Say “vegan restaurant” and watch my husband, Jerry, do a 180 faster than you can say “broccoli pasta bowl.”
But here we are at Sage Plant Based Bistro & Brewery in Agoura Hills (slogan: Feast Without the Beast), considering a menu that features Polenta Tots, Avocado Hash, Zucchini Croquettes and Asian Kelp Noodle Salad.
Most ingredients for menu items come from the restaurant’s 18-acre organic farm in Fillmore, about 30 miles north. Also grown: hops for their beer and ingredients for kombucha.
Floor manager Joaquin Garcia steps in with a suggestion.
“Try the Cauliflower Wings,” he coaches. “It’s one of our most popular items.”
Before Jerry can object, a plate piled high with tempura cauliflower tossed in spicy Buffalo sauce arrives. With some help from me, the vegan “wings” disappear with a mostly-positive review from Jerry.
I give five stars to the fried artichoke hearts and the scrumptious coconut ice cream that tops off our culinary adventure.
Sage’s “share plates” come with huge portions and the menu is extensive. It was one of several restaurants we explored during our 44-hour stay in Conejo Valley (pronounced Co-NAY-ho), which offers visitors lots of open space, hiking and biking trails, a free botanical garden, theaters, shops and eateries.
• The Original Pizza Cookery in Thousand Oaks. On the menu: excellent chicken pesto pasta (gluten-free), a towering antipasto salad, fabulous Fettucine Alfredo, and a wide selection of pizzas (including gluten-free and vegan). Menu nicely marked with these options.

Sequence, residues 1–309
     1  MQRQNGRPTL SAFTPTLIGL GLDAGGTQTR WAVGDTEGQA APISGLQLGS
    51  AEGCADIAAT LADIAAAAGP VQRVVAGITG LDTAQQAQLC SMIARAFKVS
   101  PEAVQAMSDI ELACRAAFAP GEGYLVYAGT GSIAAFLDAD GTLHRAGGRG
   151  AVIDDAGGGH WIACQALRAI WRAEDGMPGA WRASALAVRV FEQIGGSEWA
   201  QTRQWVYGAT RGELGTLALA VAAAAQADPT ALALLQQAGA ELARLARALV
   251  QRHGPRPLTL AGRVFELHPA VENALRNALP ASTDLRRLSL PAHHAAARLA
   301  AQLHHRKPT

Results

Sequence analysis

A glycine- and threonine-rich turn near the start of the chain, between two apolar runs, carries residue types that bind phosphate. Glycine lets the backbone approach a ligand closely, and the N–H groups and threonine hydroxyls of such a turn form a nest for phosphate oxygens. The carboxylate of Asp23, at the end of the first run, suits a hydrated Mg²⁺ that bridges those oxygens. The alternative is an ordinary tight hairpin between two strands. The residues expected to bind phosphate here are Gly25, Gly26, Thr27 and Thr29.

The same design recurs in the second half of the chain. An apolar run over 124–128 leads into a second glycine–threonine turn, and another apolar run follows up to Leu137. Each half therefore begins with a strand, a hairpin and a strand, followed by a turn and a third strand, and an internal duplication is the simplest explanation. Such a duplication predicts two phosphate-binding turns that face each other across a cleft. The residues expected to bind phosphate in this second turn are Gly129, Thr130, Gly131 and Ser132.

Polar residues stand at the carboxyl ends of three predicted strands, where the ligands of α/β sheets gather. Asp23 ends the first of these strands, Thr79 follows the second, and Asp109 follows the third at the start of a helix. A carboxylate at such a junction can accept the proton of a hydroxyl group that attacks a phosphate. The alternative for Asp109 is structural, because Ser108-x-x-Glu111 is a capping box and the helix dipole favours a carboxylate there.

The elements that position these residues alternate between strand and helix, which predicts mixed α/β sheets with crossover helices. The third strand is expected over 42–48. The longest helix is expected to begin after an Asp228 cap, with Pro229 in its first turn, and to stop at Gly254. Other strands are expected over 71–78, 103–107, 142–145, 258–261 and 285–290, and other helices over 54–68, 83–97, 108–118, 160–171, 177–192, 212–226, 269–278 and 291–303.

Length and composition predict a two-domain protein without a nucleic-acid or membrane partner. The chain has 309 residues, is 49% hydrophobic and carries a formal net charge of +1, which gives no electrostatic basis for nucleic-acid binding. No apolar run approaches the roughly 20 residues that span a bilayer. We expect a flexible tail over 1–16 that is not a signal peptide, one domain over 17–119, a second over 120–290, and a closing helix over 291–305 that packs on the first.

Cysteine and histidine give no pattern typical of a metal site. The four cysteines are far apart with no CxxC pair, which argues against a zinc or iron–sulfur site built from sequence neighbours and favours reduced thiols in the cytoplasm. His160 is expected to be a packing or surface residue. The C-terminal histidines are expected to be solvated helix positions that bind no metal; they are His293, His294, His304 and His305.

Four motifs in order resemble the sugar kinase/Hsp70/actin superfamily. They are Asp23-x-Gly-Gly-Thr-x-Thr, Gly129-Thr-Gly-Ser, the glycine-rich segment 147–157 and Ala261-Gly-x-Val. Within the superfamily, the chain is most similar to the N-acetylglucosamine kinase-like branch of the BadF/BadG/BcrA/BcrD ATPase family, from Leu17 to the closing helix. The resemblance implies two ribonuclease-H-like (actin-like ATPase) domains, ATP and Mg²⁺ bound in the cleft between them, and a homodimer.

• Jinky’s Café in Thousand Oaks. Extensive menu with a generous number of offerings for vegans and the gluten-free crowd, but plenty for meat-lovers, too. Multiple takes on egg dishes, pancakes, waffles and French toast.
We visited on a busy day; it was the last day of an exhibit on the history of the FBI. When the line through the exhibit came to a standstill, we headed for the Air Force One Pavilion.
Regardless of your politics, it’s pretty impressive to see the enormous Boeing 707 encased in a massive exhibit hall with its 60-foot ceiling and glass wall that showcases the vast valley below and beyond.
The immensity of the customized aircraft is overwhelming, but the experience gets more intimate when you walk through it. Several compartments have jars of gourmet jellybeans, President Reagan’s favorite snack.
The tour also provides insight into how the 40th president and his team operated. For instance, what looks like small laptop computers in the communication center of the plane “are really just fancy typewriters,” explained the docent. “It was the ’80s, after all.”
The plane, on loan from the Air Force, actually served seven presidents from 1973 to 2001.
The pavilion also houses the presidential limousine known as The Beast for its protective capacity; Secret Service vehicles; and a vintage Los Angeles Police Department squad car and motorcycles.
Visitors also can climb aboard Marine One, the Sikorsky VH3A helicopter that transported presidents Johnson, Nixon and Ford on short hops.
Clever displays in the pavilion’s mezzanine tally up the miles that President Reagan flew on the many diplomatic missions to meet with world leaders, and a mural depicts the 22 aircraft that, through the years, carried all US presidents.
The next special exhibit, “The Secrets of World War II,” runs from April 2 to Oct. 9.
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